Sentletse Diakanyo
Sentletse Diakanyo

Ngcobo a bad choice for chief justice

In the run up to the ANC Polokwane conference in December 2007, Jacob Zuma’s fervent supporters demanded that as deputy president of the ANC he was Thabo Mbeki’s natural successor. The ANC constitution is silent on succession but it has been accepted practice that the deputy is the natural successor. Zuma had criss-crossed the country moaning to anyone who cared to listen that there was a conspiracy to prevent him from being president. There was a sense of entitlement on Zuma’s part and he saw himself as the anointed one! Polokwane came and went and Zuma became president despite serious allegations of corruption hanging over his head.

There has been a concerted effort by Cape Judge President John Hlophe’s supporters to see him appointed as the successor to outgoing Chief Justice Pius Langa. Hlophe appears to have adopted the absurd yet successful Zuma strategy of claiming there is a conspiracy against him in order to draw on the sympathies of those who may be persuaded he is being treated unfairly. Hlophe is a controversial character and that alone should be enough to disqualify him as a judge, never mind his aspirations to be chief justice. The position of judge should be occupied by a person of unquestionable integrity and standing.

The farcical “nomination” of Justice Sandile Ngcobo was a welcome relief to many who did not want Hlophe. Hlophe in 2005 was accused of having said that he allocated an Afrikaans language-rights case to senior Cape High Court Judge Wilfred Thring “because I knew he would fuck up the trial and then it could be set right on appeal”. He was further accused of calling a Cape Town attorney, Joshua Greeff, a “piece of white shit who is not fit to walk in the corridors of the high court”. And we all know of the Oasis scandal!

The president is enjoined by the Constitution to appoint the chief justice and it is not inconceivable that Zuma may appoint Hlophe as chief justice to succeed Ngcobo after two years when his term ends. Zuma’s appointments should be viewed in the context of untested allegations of corruption against him. He has already ensured that other law-enforcement agencies are headed by his sycophants, from the ministry of police and national police commissioner, to the Directorate for Priority Crime Investigations (The Hawks) and the minister of justice. It is expected that he is determined to appoint yet another apologist and sympathiser to head the National Prosecuting Authority.

The Minister of Justice Jeff Radebe has been tasked with driving transformation in the judiciary, which we can read to mean the further appointment of judges who are sympathetic to Zuma and the ANC. Therefore the appointment of Hlophe as chief justice in two years’ time would be in line with the ANC agenda to ensure that no criminal charges are ever visited upon Zuma when he leaves office. Ngcobo, though a respected judge with an outstanding track record, may be viewed with some suspicion given his dissenting judgment in the matter relating to Zuma and Thint. Of the 11 Constitutional Court judges, he was the only one to rule in Zuma’s favour. This raises the question of whether there had been any other considerations for arriving at such a completely different determination to the other judges. It is quite a coincidence that the same judge who ruled in Zuma’s favour would be the “nominee” for the position of chief justice.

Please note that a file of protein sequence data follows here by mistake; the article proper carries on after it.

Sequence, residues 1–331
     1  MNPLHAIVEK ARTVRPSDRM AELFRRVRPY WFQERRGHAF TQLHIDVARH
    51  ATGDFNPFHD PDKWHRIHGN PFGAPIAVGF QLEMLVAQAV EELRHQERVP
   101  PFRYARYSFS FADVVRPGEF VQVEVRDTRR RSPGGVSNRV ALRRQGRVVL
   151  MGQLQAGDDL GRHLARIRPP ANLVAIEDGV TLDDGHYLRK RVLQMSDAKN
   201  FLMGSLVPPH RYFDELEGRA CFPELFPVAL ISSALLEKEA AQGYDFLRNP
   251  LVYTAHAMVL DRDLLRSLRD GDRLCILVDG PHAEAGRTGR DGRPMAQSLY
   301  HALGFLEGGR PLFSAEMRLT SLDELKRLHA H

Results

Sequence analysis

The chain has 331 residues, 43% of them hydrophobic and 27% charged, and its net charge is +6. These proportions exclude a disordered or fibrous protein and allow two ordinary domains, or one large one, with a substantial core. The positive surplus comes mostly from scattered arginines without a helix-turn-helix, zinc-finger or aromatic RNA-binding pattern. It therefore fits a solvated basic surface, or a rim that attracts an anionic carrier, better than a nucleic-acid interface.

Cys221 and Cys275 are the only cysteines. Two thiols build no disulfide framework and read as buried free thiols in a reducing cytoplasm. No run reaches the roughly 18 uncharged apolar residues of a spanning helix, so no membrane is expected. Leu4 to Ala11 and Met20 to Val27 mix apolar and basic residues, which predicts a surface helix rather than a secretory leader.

The logical person to succeed Chief Justice Pius Langa is Deputy Chief Justice Dikgang Moseneke who has occupied this position since 2005. Moseneke is a man of incontrovertible integrity and has upheld the principle of justice and respected the position he holds as a judge and deputy chief justice of the Constitutional Court. He is not viewed with much adoration by Zuma’s henchmen from Luthuli House precisely because of his independence and integrity. At his 60th birthday before the ANC Polokwane conference he was reported to have remarked: “I chose this job very carefully. I have another 10 to 12 years on the bench and I want to use my energy to help create an equal society. It’s not what the ANC wants or what the delegates want; it is about what is good for our people.”

He was vilified by the ANC, ANCYL and Cosatu for honestly expressing what should be guiding a person occupying such a position as his in the judiciary — independence and pursuit of justice. The ANC national working committee, which Zuma is part of, came out with guns blazing and accused Moseneke of showing disdain for the ANC delegates at the conference and that his statement highlighted “the difficulty that many in the judiciary appear to have in shedding their historical leanings and political orientation”.

It appears that Moseneke’s cardinal sin was to be a man of honour and integrity, a guardian of equitable justice and that may certainly count against him. Zuma should in fact appoint him as chief justice precisely because he is impartial. Zuma should apply the same principle he invoked to have himself elected as president of the ANC. Tradition dictates that the deputy chief justice succeeds the chief justice.

Though Zuma is quoted as saying he had “appointed” Ngcobo as chief justice, which would have been unconstitutional as due process in terms of the Constitution had not been followed, he has subsequently denied having made an “appointment”. Interestingly, the ANC immediately released a statement congratulating Ngcobo on his appointment. It may be a forgone conclusion that Ngcobo will be the next chief justice but it is not late for sense at Luthuli House, which now appears to be the seat of government, to prevail.

There is a strong case for Moseneke to be chief justice and he should if the Constitutional Court is to maintain the trust and respect it enjoys from the public.